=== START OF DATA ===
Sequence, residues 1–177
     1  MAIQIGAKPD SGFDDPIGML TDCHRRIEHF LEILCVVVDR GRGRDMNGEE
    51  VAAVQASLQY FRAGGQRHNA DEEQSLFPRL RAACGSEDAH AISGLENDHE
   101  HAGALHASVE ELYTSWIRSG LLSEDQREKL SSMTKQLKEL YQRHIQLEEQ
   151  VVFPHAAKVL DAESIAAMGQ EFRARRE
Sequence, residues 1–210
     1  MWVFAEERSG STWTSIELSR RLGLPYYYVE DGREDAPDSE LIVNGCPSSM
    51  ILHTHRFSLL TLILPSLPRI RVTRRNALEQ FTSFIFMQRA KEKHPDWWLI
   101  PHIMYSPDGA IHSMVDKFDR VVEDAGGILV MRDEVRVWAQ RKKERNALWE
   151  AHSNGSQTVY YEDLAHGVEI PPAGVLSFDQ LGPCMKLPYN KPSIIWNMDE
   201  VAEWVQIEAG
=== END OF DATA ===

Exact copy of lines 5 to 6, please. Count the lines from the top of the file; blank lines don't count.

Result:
   151  VVFPHAAKVL DAESIAAMGQ EFRARRE
Sequence, residues 1–210